LISTEN TO OUR LIBRARY: THE UTNE READER SAMPLER
Here at Utne Reader, we get almost as many music releases as we get magazines: You can listen to our library as well as read it. And just as we do in the print world, we have a preference for small, scrappy, independently owned but creatively vibrant outlets. Each month, I’ll present a cross-section of music gleaned from current releases that are catching my ear. Just like Utne Reader, the Utne Reader Music Sampler will be diverse and out of the ordinary, curated by us for you. The best part: All the tracks are downloadable for the month.
—Senior editor Keith Goetzman
The tracks for the October 2009 sampler are no longer available. Please visit the latest sampler for more tracks! www.utne.com/sampler
Utne Reader Sampler October 2009
With adept fingerpicking and a gruffly gentle voice, Smither delivers lived-in blues for the 21st century on Time Stands Still (Signature Sounds).
“Surprise, Surprise” by Chris Smither
The Lower 48
One member of this young folk-leaning quartet has described its sound as “hope and melancholy wrapped up together,” and that rings just about right when you hear the simple, moving songs on their debut EP Everywhere to Go (Grape Juice), which comes out on November 3.
“Transmissions Part I” by the Lower 48
On Awe Owe (Asthmatic Kitty), this Brooklyn collective led by Roberto Carlos Lange stitches together spare beats and shifting grooves, creating odd musical textures from loops, samples, and live instruments.
“Awe” by Helado Negro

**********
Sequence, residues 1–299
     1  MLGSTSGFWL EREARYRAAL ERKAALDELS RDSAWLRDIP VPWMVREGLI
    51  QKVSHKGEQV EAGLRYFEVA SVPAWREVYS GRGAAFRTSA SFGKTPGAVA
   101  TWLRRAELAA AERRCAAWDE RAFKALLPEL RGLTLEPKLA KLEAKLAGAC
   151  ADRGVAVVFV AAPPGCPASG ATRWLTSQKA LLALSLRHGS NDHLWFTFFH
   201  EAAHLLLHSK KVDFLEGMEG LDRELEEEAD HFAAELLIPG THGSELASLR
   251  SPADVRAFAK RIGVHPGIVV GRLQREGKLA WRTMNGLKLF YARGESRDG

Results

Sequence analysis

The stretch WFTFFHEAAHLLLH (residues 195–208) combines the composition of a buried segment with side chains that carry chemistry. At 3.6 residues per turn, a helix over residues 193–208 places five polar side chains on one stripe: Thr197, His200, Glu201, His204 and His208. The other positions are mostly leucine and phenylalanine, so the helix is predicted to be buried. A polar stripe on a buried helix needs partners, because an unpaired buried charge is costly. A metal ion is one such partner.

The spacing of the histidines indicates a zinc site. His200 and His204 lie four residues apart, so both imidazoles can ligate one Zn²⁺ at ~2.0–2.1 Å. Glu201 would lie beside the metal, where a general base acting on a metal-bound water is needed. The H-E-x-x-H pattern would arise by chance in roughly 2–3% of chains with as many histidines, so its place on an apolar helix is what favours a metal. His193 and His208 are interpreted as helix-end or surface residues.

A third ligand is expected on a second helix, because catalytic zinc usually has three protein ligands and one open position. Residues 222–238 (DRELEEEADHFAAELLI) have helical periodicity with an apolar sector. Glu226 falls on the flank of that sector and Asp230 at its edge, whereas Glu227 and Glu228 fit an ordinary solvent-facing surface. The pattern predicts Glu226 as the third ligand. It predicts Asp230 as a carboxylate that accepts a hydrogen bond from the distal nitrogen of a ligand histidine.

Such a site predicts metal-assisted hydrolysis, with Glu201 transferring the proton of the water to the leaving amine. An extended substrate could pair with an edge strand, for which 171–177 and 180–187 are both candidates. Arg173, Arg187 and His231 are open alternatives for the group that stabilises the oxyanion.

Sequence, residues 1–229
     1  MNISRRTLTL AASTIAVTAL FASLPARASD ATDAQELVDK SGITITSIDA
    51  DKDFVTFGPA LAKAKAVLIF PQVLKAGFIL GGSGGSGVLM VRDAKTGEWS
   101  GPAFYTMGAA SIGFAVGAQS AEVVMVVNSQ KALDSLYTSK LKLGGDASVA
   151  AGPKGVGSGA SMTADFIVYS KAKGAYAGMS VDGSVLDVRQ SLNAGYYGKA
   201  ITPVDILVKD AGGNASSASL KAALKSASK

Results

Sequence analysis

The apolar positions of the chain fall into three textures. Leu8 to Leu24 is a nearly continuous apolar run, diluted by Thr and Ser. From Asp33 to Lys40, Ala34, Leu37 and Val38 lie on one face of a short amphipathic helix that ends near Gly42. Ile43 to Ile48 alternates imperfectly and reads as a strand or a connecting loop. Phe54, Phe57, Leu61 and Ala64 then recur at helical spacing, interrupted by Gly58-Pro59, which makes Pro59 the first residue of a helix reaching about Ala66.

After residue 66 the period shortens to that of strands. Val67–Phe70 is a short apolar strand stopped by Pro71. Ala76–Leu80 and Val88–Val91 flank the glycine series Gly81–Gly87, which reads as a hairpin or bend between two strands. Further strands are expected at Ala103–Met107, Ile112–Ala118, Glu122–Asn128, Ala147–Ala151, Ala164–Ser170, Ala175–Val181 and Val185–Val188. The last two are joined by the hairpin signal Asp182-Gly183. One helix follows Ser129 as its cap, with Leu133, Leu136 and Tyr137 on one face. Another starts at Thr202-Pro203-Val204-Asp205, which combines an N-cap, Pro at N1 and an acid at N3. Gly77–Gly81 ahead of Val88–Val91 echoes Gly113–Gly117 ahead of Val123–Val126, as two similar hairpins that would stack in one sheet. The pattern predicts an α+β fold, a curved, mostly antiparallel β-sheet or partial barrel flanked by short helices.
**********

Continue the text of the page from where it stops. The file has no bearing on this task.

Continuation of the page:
It’s easy to see why the filmmakers behind Where the Wild Things Are tapped Wasif to help create soundtrack music: He combines a sense of wonder with a sense of danger in his robust, swirling rock on The Voidist (Tee Pee).
“Priestess” by Imaad Wasif
Rain Machine (Anti-) is the solo project of TV on the Radio’s Kyp Malone. More personal and less taut than that band’s music, the sound will still be recognizable to fans.
“Smiling Black Faces” by Rain Machine
Rupa and the April Fishes
This San Francisco band led by physician/musician Rupa continues its global polyglot approach to music making on Este Mundo (Cumbancha), which comes out October 27. This song title’s translation? “It’s the moon’s fault.”
“Culpa de la Luna” by Rupa and the April Fishes
Fool’s Gold comes from Los Angeles, and many of its songs are sung in Hebrew, but the sounds on the band’s self-titled debut (IAMSOUND) are steeped in the musical heart of Africa. Call them cultural dabblers if you must, but dance while you do it.
“Surprise Hotel” by Fool’s Gold